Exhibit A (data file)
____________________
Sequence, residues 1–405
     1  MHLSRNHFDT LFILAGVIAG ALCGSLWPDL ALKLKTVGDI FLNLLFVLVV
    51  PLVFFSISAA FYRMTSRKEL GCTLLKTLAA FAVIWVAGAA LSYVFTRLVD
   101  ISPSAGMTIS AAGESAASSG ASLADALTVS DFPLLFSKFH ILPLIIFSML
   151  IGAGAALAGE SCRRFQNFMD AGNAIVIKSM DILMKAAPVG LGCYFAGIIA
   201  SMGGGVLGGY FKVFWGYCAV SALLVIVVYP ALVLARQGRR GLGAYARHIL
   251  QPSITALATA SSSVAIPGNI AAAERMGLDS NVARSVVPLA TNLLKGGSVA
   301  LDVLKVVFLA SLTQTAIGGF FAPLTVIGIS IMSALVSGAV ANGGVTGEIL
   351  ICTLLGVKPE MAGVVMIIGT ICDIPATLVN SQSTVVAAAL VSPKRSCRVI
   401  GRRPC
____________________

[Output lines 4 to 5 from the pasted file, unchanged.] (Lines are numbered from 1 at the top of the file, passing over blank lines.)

   101  ISPSAGMTIS AAGESAASSG ASLADALTVS DFPLLFSKFH ILPLIIFSML
   151  IGAGAALAGE SCRRFQNFMD AGNAIVIKSM DILMKAAPVG LGCYFAGIIA